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June 29, 2003, 9:43 p.m. EDT

International funds piggyback U.S.

Second quarter sees Israeli, German stocks on top

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By Barbara Kollmeyer, CBS MarketWatch

LOS ANGELES (CBS.MW) -- When the U.S. markets catch a cold, the world catches pneumonia. And when stocks are feeling better stateside, the rest of the world can expect to recuperate as well.

Indeed, world equity funds returned 19 percent overall in the second quarter, edging out an 18 percent return for U.S. diversified equity funds, preliminary data from Lipper showed Wednesday. Top-ranked funds returned nearly 40 percent, as U.S. dollars poured into regions such as South Korea and Europe.

"There was a great fear in Europe that if the American economy was not doing well, then maybe we would have a global recession. Now that the equity market in the U.S. is anticipating the American economy will do better in the second half, there has been a sigh of relief in Europe," said Jean Marie Eveillard, who manages the $2.1 billion First Eagle Overseas A fund /zigman2/quotes/209014684/realtime SGOVX +0.35% .

The top performing international fund was the $6.8 million Amidex:35 Mutual fund , which concentrates on U.S.-listed Israeli stocks, with a return of 39.4 percent, preliminary Lipper data from Thursday's showed. A close second was IShares Germany /zigman2/quotes/204789209/composite EWG +0.09% , which returned 38.4 percent, with $103.6 million in net assets.

Martin Vostry, research analyst at Lipper, said for countries in the Far East or those that rely on imports or exports to the U.S., a better stateside performance has helped.

"It's also a case of lower risk aversion and going into markets that are generally more volatile," said Vostry, on the view that investors may well be losing their fear of looking abroad for stocks.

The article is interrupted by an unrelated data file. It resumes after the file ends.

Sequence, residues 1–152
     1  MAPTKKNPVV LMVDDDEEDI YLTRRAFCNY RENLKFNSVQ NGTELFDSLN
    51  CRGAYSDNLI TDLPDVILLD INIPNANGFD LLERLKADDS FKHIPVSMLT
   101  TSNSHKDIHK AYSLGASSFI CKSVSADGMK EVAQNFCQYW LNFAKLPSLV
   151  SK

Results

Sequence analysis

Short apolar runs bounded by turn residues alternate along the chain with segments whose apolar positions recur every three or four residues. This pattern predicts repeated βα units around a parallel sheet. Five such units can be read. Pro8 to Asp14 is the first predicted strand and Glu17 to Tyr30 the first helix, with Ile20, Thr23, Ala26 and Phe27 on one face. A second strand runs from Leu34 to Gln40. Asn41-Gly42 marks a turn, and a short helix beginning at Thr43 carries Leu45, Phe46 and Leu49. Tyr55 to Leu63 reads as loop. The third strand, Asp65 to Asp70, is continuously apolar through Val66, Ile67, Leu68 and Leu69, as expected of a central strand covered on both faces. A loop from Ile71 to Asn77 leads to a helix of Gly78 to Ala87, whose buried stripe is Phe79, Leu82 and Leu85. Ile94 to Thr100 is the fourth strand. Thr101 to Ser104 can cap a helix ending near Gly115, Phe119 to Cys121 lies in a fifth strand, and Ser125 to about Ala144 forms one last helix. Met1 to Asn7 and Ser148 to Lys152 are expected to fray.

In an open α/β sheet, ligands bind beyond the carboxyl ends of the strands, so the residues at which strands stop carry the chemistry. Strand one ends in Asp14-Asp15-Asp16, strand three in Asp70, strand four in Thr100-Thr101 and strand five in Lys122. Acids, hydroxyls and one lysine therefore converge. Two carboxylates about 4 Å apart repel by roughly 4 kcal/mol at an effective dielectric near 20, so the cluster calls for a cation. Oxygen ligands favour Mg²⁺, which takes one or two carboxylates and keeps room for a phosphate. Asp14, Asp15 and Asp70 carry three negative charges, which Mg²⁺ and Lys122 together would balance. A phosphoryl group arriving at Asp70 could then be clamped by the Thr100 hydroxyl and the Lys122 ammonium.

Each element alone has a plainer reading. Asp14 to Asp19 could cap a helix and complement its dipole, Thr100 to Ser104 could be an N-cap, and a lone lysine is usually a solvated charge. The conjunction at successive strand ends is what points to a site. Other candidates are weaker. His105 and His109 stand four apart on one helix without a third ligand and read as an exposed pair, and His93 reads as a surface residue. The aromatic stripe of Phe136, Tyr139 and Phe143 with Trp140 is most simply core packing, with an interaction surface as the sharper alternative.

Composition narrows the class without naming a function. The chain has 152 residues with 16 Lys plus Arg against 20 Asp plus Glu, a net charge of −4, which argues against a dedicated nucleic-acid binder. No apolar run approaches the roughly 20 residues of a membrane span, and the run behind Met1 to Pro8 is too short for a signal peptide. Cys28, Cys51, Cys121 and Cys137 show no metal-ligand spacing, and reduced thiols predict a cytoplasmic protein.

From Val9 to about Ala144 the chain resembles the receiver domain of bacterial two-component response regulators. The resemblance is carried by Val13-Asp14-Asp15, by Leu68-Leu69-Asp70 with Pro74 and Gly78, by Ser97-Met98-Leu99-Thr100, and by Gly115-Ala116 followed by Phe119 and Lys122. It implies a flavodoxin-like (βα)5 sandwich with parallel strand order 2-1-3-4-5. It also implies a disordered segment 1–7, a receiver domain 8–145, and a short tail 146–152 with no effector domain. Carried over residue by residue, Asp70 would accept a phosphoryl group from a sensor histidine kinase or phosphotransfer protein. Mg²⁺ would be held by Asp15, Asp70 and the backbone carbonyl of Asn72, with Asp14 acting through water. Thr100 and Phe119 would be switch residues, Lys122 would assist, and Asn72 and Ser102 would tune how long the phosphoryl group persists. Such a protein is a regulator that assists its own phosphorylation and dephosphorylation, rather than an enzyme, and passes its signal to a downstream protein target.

International funds performed far better in the second quarter than they did in the first three months of the year and were well ahead of the second quarter of 2002. World equity funds fell 7.4 percent in the first quarter and were down 3.9 percent in the second quarter of 2002.

As for whether the good times will continue to roll into the third quarter, analysts and fund managers are guardedly optimistic, saying much hinges on how well U.S. markets perform.

Good vibrations

Across the globe, the combination of the start of peace talks and a better performance for global markets, especially the Nasdaq, boosted Amidex: 35's portfolio, according to Gadi Beer, consultant for managing the Israeli stock fund.

"Even though there are a lot of political issues, (investors) can differentiate between that and the equity market. Tel Aviv performed better than the Nasdaq, about 35 percent up year to date. That's partially in the time where we had bombings almost every couple of weeks," Beer said.

Big performers for the fund have been generic drug maker Teva /zigman2/quotes/205657894/composite TEVA +4.92% and Taro Pharmaceuticals /zigman2/quotes/203101845/composite TARO +1.58% .

Beer doesn't think the rally is exhausted either. "There's a lot of money that's still waiting to come back to Israel...once Israel deals with the political aspects. So I don't think we're at the peak yet."

For the second best performer, Germany -- Europe's biggest and most troubled economy-- Vostry said a vast underperformance in the first quarter meant that the markets were due for some kind of bounce, albeit from a lower level. He notes that Germany's DAX Xetra 30 index fell 16.2 percent in the first quarter, versus a 4 percent fall for the Dow /zigman2/quotes/210598065/realtime DJIA +1.05% .

"The economy in Germany is still looking very sluggish...they're facing deflationary pressure, so economically, these aren't very good times for Germany. But financial stocks have done well," said Vostry.